Hyena Microbiome Differs Between Packs, Helps Smell Friend From Foe
Researchers from Michigan State University have found a wrinkle in how hyenas use their noses that might have implications for how we understand the sense of smell in many other animals as well. Like most species of dogs, hyenas use scent as their primary sense — it’s how they find prey, how they look for mates, and how they communicate with one another. New research published this month in the journal Scientific Reports shows that hyenas from different clans appear to have different colonies of bacteria living in their scent glands. The study marks the first time that widely different communities of odor-causing bacteria have been found in the same species, and could offer insight on how animals communicate by smell.
Researchers analyzed hyena “paste” that the animals use to mark their territory, show where they’ve been, and otherwise communicate with other members of their clan, as well as outsiders. They showed that while hyenas from the same clan have very similar communities of microbes in their paste, those communities were very different from clan to clan. While microbiomes have been found to have implications for things like digestion, this study marks the first time microbial makeup has been shown to play a role in an animal’s social behavior.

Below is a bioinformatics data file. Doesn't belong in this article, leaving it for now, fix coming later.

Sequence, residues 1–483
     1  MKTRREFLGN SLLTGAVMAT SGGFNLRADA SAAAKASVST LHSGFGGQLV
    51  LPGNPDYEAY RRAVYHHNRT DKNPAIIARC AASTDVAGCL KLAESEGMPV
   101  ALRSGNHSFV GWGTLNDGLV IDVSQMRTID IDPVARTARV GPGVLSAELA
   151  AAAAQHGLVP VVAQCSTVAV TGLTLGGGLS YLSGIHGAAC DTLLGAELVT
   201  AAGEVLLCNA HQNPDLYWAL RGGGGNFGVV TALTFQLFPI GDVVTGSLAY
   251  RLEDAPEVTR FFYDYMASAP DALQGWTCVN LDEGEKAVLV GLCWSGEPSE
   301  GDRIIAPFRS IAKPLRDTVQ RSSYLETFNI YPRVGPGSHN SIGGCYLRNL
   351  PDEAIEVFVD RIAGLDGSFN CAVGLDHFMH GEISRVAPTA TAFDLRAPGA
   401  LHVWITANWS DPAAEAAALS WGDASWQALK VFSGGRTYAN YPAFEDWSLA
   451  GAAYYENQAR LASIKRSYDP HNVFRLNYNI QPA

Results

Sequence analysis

It’s not yet understood exactly what information is being passed along in these scents, or how sophisticated of a delivery system it really is. Researchers are also at a loss to explain how these microbial communities remain so similar among hyena clans, and what role they might also play in social hierarchy within groups, but that’s all research for another day. It’s also research that could help us understand how smell works in our brains, and why it can have such powerful effects on us.